Derivatives are referred to as the security or financial contracts that derive its value from an underlying asset.
The common underlying assets are market indices, stocks, currencies, commodities, interest rates etc.
Derivatives can be used for hedging, speculation and arbitrage opportunities on the price movement of underlying assets
Types of Derivatives:
Equity Derivative Futures and Options
Equity derivative is a class of derivatives whose value is derived from one or more underlying equity securities.
Futures and Options and futures are the most common equity derivatives.
A futures contract is an agreement between two parties to buy or sell a underlying stock / index at a certain
time in the future at a certain price. When you buy a stock future, you promise to pay for the stock at a
future date. If you sell a stock future that means you to deliver a stock at a future date.
The futures contracts are available on 162 securities stipulated by the Securities & Exchange Board of India (SEBI).
Futures contracts have a maximum of 3-month trading cycle - the near month (one), the next month (two) and
the far month (three). New contracts are introduced on the trading day following the expiry of the near month
contracts. The new contracts are introduced for a three month duration. This way, at any point in time, there
will be 3 contracts available for trading in the market (for each security) i.e., one near month, one mid-month
and one far month duration respectively.
Futures contracts expire on the last Thursday of the expiry month and are settled physically .If the last Thursday
is a trading holiday, the contracts expire on the previous trading day.
The value of the futures contracts on individual securities may not be less than Rs. 5 lakhs at the time of
introduction for the first time at any exchange. The permitted lot size for futures contracts & options contracts
shall be the same for a given underlying or such lot size as may be stipulated by the Exchange from time to time
Equity Derivatives Futures Advantages:
Futures contracts are standardized contracts and are traded on the exchange.
It eliminates the counter party risk
is buying and selling futures contracts to offset the risks of changing underlying market
prices. Thus it helps in reducing the risk associated with exposures in underlying market by taking a
counter- position in the futures market. For example, an investor who has purchased a portfolio of stocks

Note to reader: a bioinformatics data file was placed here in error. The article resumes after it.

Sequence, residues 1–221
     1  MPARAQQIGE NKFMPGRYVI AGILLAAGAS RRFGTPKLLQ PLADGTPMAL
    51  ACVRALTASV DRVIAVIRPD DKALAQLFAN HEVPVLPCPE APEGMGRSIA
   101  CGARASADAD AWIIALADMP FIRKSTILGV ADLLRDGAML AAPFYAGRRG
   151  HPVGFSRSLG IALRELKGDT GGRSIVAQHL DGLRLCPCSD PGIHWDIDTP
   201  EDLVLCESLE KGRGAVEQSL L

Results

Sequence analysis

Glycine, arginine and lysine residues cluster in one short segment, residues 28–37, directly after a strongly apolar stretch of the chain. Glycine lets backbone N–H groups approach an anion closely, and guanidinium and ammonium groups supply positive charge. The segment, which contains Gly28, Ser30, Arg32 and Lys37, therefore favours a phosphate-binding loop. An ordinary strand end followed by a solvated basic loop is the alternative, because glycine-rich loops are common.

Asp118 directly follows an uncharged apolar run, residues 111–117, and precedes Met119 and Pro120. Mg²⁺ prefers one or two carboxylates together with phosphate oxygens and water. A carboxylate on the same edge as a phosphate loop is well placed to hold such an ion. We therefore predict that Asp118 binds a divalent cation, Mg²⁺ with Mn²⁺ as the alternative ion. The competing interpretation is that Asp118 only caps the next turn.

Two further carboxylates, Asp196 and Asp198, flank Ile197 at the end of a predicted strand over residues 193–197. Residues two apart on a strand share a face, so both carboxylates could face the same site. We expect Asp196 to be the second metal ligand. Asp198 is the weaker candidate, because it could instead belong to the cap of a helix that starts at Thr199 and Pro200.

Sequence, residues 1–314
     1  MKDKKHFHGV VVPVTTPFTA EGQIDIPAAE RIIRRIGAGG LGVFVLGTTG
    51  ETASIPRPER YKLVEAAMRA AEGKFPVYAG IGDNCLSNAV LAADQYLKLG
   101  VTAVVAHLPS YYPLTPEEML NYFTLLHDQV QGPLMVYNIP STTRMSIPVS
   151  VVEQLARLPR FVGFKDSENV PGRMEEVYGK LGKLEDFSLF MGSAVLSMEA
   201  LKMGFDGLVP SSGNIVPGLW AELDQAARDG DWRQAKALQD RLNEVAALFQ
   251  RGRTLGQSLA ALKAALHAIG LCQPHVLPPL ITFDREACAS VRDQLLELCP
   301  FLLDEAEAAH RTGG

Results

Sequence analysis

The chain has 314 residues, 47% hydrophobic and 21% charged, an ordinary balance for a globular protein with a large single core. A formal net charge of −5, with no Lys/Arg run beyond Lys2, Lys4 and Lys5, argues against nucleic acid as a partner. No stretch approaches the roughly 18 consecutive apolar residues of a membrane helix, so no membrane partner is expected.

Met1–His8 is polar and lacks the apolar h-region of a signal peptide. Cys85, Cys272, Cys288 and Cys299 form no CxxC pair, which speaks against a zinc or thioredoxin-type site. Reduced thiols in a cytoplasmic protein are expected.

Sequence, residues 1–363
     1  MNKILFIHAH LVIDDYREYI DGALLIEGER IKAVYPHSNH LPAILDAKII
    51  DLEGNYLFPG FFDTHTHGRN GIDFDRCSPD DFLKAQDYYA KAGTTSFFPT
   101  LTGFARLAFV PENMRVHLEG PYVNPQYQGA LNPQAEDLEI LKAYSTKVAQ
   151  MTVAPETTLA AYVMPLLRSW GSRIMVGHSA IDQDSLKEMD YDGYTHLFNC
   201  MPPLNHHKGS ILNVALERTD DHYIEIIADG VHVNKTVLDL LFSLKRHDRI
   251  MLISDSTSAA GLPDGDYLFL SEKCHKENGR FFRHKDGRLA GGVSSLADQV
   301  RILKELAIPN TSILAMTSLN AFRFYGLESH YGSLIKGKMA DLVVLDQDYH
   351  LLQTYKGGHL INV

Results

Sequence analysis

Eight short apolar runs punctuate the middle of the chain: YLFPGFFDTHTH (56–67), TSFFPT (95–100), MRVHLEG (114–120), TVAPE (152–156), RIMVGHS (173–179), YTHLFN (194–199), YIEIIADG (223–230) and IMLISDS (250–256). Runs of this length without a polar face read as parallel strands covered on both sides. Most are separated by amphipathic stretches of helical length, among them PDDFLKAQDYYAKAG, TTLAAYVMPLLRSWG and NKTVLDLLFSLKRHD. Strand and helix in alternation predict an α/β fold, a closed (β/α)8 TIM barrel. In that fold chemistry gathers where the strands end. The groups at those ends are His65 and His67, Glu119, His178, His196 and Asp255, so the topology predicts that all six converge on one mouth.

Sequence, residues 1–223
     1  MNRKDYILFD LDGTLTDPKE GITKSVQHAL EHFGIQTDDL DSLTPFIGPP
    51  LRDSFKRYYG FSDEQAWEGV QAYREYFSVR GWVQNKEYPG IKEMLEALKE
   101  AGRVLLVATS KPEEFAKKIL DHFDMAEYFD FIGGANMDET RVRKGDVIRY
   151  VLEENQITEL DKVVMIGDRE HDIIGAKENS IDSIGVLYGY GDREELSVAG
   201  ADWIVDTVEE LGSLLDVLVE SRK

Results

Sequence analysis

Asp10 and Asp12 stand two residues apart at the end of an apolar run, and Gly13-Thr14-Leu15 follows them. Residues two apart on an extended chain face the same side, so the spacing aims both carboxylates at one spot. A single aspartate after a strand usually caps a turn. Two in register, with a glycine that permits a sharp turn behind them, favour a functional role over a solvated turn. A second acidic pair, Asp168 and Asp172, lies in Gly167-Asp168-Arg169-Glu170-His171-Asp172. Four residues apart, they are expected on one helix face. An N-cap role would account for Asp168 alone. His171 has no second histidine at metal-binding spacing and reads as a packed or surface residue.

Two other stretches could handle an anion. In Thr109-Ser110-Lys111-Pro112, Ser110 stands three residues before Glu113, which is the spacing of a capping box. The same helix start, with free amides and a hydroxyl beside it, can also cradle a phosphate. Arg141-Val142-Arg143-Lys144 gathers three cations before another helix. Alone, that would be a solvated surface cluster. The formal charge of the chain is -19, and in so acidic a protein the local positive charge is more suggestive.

may have a fear of adverse market conditions in future which may reduce the value of his portfolio. He can
hedge against this risk by shorting the index which is correlated with his portfolio, say the Nifty 50.In
case the markets fall, he would make a profit by squaring off his short Nifty 50 position. This profit would
compensate for the loss he suffers in his portfolio as a result of the fall in the markets.
Since the investor is required to pay a small fraction of the value of the total contract
as margins, trading in futures is a leveraged activity since the investor is able to control the total value
of the contract with a relatively small amount of margin. Thus the leverage enables the traders to make a larger
profit (or loss) with a comparatively small amount of capital.
Future contracts are traded in huge numbers every day and hence futures are highly liquid.
The constant presence of buyers and sellers in the future markets ensures market orders can be placed quickly
The prices do not fluctuate drastically, especially for contracts that are near maturity.
An option gives a person the right but not the obligation to buy or sell something. An option is a contract between
two parties wherein the buyer receives a privilege for which he pays a fee (premium) and the seller accepts an obligation
for which he receives a fee. The premium is the price negotiated and set when the option is bought or sold. A person who
buys an option is said to be long in the option. A person who sells (or writes) an option is said to be short
in the option.
Option contracts are European style and physically settled and are available on 162 securities stipulated by the
Securities & Exchange Board of India (SEBI).
“Call” give the buyer the right but not the obligation to buy a given quantity of the underlying asset, at a given
price on or before a given future date.
“Put” give the buyer the right, but not the obligation to sell a given quantity of underlying asset at a given
price on or before a given future date.
Participate in the market without trading or holding a large quantity of stock.
Protect their portfolio by paying small premium amount.
Able to transfer the risk to the person who is willing to accept them
Lower transaction costs
Provides liquidity, enables price discovery in underlying market.